Location: Where is Londonderry?
Londonderry, New South Wales Australia, is located in the northernmost part of the City of Penrith with the Driftway forming the boundary with the Hawkesbury City Council area. On its eastern side the Northern Road divides Londonderry from Berkshire Park while suburbs Cranebrook and Agnes Banks are its boundaries on its southern and western sides. Londonderry is a rural area with much of it still being crown land. Because of its closeness to Richmond and distance from Penrith, the suburb has always had stronger links with Richmond than with Penrith. Londonderry village in the centre of the suburb is a vital community connection point for local residents in the area. With its spacious environment this suburb hosts several state government agencies, some of national and international importance.
33 38′ S 150 44′ E
|Postcode: 2753||Distance from Sydney: 60 km NW|
|Area: 35.43 km2 or 3,543 ha||Londonderry NSW on Google Maps|
Londonderry Rural Fire Brigade: Londonderry Rural Fire Brigade currently protects 3,800 people living within its brigade boundaries (Londonderry and part of Cranebrook). In addition it provides primary support to Llandilo, Castlereagh and Berkshire Park Rural Fire Brigades, in all a total of 8,300 persons living within the northern part of Penrith Rural Fire District.
- Londonderry Public School: Londonderry Road, Londonderry, 2753.
Ph: (02) 4578 1900
Roads & Streets
- Carrington Road: Possibly named after Lord Carrington who was Governor of NSW from 1885 to 1890.
- Leitch Avenue: Named after D. Leitch who was Town Clerk of Castlereagh Council from 1927 to 1948. The Leitch family had a farm at Castlereagh.
- Nutt Road: Named after Robert Nutt, Mayor of Castlereagh 1946-1947. He lived at Londonderry and run the post office and store there.
Origin of the place name – Londonderry
In 1831 Thomas Kendall named his 30 acre grant Londonderry. The Kendall family were early settlers in the Castlereagh area and, it is quite possible, that Thomas was the same Thomas Kendall who worked as a convict labourer under William Cox, in the building of the road over the Blue Mountains in 1814. If this was the case, he was still working for Harriet Purcell at Castlereagh as a conditionally pardoned labourer in 1828. In 1829, this Thomas Kendall received a permit to depasture livestock, and shortly after received a land grant.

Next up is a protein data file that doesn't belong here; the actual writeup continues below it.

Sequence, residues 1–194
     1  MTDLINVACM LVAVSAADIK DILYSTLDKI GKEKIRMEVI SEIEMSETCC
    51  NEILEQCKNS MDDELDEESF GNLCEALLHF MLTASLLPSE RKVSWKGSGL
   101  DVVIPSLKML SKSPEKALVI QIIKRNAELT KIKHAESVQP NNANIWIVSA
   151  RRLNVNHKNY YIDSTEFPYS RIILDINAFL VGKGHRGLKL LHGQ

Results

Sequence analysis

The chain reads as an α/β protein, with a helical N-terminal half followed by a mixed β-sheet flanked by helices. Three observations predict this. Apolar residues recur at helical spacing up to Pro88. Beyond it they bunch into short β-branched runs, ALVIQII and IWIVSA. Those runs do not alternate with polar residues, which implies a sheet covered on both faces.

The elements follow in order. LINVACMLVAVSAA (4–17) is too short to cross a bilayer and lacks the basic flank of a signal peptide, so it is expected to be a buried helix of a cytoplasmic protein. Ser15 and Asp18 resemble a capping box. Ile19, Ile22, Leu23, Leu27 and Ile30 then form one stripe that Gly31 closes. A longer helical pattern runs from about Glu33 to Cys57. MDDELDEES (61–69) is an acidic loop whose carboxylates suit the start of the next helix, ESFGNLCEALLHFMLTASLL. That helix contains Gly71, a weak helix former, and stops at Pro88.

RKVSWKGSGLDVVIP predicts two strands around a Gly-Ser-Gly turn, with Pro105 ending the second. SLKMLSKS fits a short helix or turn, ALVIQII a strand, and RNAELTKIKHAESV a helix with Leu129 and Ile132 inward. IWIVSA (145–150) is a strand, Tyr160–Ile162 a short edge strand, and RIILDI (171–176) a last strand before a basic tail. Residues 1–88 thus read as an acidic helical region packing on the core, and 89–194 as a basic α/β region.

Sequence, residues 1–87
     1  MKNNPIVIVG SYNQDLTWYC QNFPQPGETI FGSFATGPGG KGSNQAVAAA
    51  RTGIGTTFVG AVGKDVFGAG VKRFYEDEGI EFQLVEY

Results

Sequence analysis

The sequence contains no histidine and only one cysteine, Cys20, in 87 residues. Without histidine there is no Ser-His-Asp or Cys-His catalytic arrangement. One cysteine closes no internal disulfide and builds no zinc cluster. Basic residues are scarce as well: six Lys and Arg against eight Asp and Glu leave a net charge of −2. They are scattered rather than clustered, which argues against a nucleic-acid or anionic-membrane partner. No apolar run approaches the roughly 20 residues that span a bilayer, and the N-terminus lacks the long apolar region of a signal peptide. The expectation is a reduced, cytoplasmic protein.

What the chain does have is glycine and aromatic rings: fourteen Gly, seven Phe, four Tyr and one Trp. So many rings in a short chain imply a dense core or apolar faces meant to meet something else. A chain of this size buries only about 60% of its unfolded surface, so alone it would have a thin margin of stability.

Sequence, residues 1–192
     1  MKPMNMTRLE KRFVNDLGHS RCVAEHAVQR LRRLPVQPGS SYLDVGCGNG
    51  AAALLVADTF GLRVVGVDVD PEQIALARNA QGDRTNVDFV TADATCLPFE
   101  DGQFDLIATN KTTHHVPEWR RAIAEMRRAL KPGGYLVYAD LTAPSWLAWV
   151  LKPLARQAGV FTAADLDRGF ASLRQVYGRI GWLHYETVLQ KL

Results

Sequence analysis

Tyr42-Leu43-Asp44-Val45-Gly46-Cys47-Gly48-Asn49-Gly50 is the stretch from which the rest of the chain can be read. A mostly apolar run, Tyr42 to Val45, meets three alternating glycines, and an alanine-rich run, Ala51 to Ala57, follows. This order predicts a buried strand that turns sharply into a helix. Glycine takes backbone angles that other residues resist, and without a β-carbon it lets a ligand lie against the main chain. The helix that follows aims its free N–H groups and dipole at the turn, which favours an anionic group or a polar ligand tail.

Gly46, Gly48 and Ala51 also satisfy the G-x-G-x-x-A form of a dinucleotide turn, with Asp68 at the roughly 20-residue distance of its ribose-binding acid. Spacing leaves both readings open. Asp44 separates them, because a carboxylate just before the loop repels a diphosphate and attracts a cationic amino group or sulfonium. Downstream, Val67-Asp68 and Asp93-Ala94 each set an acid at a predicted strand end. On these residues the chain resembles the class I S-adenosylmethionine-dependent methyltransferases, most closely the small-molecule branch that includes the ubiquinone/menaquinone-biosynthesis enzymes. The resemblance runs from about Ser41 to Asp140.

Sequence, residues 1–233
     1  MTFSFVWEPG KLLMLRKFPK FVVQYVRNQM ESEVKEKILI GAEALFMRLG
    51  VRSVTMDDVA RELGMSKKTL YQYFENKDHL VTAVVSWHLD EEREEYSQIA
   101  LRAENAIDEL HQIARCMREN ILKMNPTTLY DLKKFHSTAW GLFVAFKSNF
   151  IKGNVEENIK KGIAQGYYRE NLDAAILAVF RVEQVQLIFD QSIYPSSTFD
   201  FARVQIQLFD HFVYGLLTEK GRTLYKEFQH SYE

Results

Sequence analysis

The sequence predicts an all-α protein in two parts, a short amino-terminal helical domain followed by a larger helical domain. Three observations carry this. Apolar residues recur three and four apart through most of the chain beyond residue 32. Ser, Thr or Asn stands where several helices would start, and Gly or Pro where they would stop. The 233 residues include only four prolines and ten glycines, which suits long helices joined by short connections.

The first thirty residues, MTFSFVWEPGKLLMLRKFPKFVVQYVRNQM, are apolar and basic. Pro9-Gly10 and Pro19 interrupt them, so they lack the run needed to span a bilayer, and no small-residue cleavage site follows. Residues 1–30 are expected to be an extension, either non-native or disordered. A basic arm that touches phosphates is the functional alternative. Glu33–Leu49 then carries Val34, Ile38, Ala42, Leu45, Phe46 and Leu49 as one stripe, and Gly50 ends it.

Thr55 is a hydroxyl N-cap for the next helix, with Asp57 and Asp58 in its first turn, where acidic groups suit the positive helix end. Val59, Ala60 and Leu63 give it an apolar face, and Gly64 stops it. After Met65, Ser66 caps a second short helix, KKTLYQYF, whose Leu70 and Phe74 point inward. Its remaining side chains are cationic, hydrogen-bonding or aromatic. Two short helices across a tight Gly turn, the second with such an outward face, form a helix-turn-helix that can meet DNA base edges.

|1831||Thomas Kendall granted 30 acres which he named Londonderry|
|1934||19 February||Londonderry Road School opened at the back of Robert Nutt's store|
|1937||24 August||Leslie Roberts gave 2 1/2 acres of land for the present primary school|
|1964||Londonderry Trotting and Racing Club refused to change the name of the racecourse from Richmond Racecourse|
|1969||November||Richmond Racecourse proposed as the official name|
|2000||25 March||Auction of land within Richmond Park estate|
For photos and more information on Londonderry, search Penrith City Library’s catalogue using an All Resources search.
Murray, R. & White, K. Dharug to Dungaree: The History of Penrith and St Marys to 1860, Penrith City Council, Penrith 1988.
Nepean District Historical Society, From Castlereagh to Claremont Meadows: Historical Places of Penrith City Council, Penrith, 1997.
Parr, Lorna, A History of the Nepean and District Street Names, Nepean District Historical Society, Penrith, 1990.
Parr, Lorna, Londonderry Public School 1934-1994, Londonderry, 1994.
Parr, Lorna, Penrith Calendar, Nepean District Historical Society, 1987.
Stacker, Lorraine Pictorial history: Penrith & St Marys, Kingsclear Books, 2002.
Stevenson, Colin R., Place Names and their Origins within the City of Penrith, Penrith City Council, Penrith, 1985.